Monday, May 11, 2015

Corrections on Art Websites

If you are reading some of my older posts and see references to other sites where my artwork can be viewed, at this time there is only one site to view. http://www.facebook.com/portraitsbysuellenmccollim

Sunday, May 10, 2015

Comparing Neil Young to Contemporary Artists

While watching Showtime's Neil Young "Band of Gold" documentary/concert, I began to consider how true artists, be they musicians, writers, or visual artists, develop their voices in much the same way. For Neil Young, the signature style combining original lyrics with very similar melodies and his so familiar vocals, are very comparable to contemporary artists such as Robert Rauschenberg, Cy Twombly, Jasper Johns, Amselm Kiefer, or the original original, Marcel Duchamp. Each of the latter developed their repertoire over many years of experimentation, study, and listening to their own internal, informed knowing. It doesn't come easily, certainly, but some find their way early in life and continue to develop. Others study and learn and practice for years, and see their own style when they are mature and look back over years of production. I suspect Neil Young's life was charmed in so far as he found early fame. What I especially respect in his case is that despite many forays into experiences that could have destroyed him, he kept his "eye on the sparrow" and kept his lyrics honest and simple. His heart is displayed in his music for all the world to hear, and one must be fearless to do that. Just singing or playing music written by someone else isn't the same (excepting his version of Four Strong Winds), just as copy-work by artists isn't the same as the work produced from the subconscious and informed by knowledge. Granted, Neil Young isn't John Cage, but he is an artist for the people, regardless. Personally, I particularly enjoy seeing how all the colors, notes, words, and lines come together into a cohesive and readily recognizable body of work. I am beginning to see some of that in my own work, though I certainly do not expect to ever be comparable to the greats!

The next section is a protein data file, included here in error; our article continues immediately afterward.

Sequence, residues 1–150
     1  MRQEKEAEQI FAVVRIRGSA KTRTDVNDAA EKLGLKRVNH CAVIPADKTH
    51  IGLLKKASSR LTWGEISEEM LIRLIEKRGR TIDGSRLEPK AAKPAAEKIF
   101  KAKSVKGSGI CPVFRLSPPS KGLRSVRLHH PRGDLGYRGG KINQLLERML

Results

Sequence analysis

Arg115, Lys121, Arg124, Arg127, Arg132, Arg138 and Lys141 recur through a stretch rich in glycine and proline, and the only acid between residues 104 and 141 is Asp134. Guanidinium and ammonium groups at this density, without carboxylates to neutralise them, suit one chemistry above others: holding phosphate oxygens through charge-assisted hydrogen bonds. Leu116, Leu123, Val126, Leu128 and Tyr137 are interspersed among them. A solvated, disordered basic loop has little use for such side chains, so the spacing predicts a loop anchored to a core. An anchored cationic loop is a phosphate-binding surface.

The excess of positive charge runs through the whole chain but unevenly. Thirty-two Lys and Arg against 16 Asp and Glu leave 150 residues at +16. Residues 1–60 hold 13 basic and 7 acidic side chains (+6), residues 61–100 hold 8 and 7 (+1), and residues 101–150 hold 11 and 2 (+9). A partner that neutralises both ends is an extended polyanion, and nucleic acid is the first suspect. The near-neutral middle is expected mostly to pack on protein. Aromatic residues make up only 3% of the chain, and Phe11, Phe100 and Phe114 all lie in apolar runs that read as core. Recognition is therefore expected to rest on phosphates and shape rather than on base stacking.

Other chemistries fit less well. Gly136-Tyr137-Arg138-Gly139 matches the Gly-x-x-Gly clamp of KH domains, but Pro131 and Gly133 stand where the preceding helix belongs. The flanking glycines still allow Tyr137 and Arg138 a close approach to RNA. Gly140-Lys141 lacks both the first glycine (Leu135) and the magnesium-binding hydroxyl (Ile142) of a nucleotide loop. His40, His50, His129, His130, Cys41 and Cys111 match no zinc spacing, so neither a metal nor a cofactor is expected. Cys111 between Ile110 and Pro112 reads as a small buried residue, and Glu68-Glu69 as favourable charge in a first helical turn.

Left to right: Robert Rauschenberg, Monogram; Neil Young.